The SGF told lawmakers that President Muhammadu Buhari has approved the setting up of a monitoring unit in his office, to track budget implementation by Ministries, Departments and Agencies (MDAs).

Mustapha said ministers have been given a template to collate projects executed since 2015, when Buhari came into office. He added that the outcome of the exercise will assist Nigerians in assessing Buhari’s government at the end of his administration.

He explained: “Let me assure you that whatever the National Assembly budgets for the MDAs, Ministers will give detailed reports on what they have done since 2015. From now till the end of February, they will give briefings. We have given them the template they need to use to carry out this exercise. At the end of the exercise, the entire tenure of the President will be assessed at a glance. The exercise is ongoing.

“At the end of the day, we might seek government’s approval to create a unit that will monitor projects. In some countries like the United Kingdom, there is such a unit in the office of the Prime Minister.”

He also explained why his office opted for monetisation of vehicles for former presidents and former Vice presidents. He said though the Appropriation Act clearly stipulates that vehicles should be bought for them, his office opted for the second option since it was a better choice.

He said: “A decision was taken that instead of buying them vehicles, the money should be given to them so that they can buy themselves. The purchase of these vehicles is tenured. It is done after every four years.

“The issue of the purchase of vehicles, I agree is an Appropriation Act. The issue of monetisation is done in the MDAs. It is also done in the National Assembly. Some of these former leaders may not even want to buy Prado jeeps which the law says. But many of them may not like it. They may prefer saloon cars which maybe more comfortable for them. That was why we released a memo for them to do that.”

Explaining the performance of the 2017 budget of his office, he said: “The office of SGF is the think-tank of the government. We coordinate activities of Ministries, Departments and Agencies (MDAs). Approved for capital was N2 billion. For personal cost, N2 billion. Overhead cost is N3 billion. Total is N9.5 billion.

“Performance for capital is N1.2 billion released as at end of December, 2017. It represents 50 per cent. We are hoping that the National Assembly will extend the lifespan of the budget so that we can handle other procurement processes.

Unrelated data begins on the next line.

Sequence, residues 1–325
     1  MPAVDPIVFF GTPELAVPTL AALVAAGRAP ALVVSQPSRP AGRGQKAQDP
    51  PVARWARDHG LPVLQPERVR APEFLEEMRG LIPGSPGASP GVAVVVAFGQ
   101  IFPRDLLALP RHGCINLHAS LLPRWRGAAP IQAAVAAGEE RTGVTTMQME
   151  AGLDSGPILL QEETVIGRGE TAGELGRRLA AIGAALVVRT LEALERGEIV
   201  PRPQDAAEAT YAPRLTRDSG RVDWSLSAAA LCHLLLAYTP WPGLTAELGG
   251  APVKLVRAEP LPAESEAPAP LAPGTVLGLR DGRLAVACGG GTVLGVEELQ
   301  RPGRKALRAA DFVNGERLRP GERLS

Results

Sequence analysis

“My office had issues with poor releases when I came in. We are hoping that as we move forward, we will be properly and adequately funded so that we can carry out our duties effectively.”

Responding, chairman of the committee, Senator Tijjani Kaura, promised that the leadership of the National Assembly will pass the budget as soon as possible.

He told the SGF that lawmakers had to cut short their holidays so as to consider the 2018 budget.

“The leadership is keen on passing the budget on time. That is why we cut our vacation short to be here to attend to budget defence. This is to tell you the importance of this issue. If you look at the 2017 budget, you will see that this committee did not tamper with the figure submitted to us. We did that because we know the enormous responsibility attached to that office,” he said.

Sen. Suleiman Hunkuyi from Kaduna State, complained about underfunding of the office of the SGF. He said as a critical unit of the Federal Government, the office should get more funds to run its operations.

“I agree with the SGF on the need to fasten the budget process. This year is different from all the other two years. I agree with you. I will wish to note some observations. The issue of allocation under the Appropriation Act are three. During an oversight visit to the office of the SGF, we identified the issue of underfunding. Even after the provisions, the releases have been abysmal.

“The National Assembly may provide, but it has always on the other side of the divide. It has always the inability of the Ministry of Finance to cash back these allocations,” he said.  (The Sun)

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Nigeria Still Investors’ Destination, IMF Says |The Republican News

Adeosun-Kemi

Minister of Finance, Kemi Adeosun

The International Monetary Fund on Wednesday said Nigeria remained a destination for investors.

The Senior Financial Sector Expert, Debt and Capital Market Instruments Division, Monetary and Capital Markets Department, Miriam Tamene, said this in a statement issued by Securities and Exchange Commission’s management in Abuja.

Tamene said this when she led a team on a visit to the SEC office in Abuja.

She noted that the IMF was pleasantly surprised to receive numerous indications of interests by investors eager to invest in Nigeria.

She, however, said many of them still nursed the fear that they might not be able to retrieve their funds anytime they decide to exit.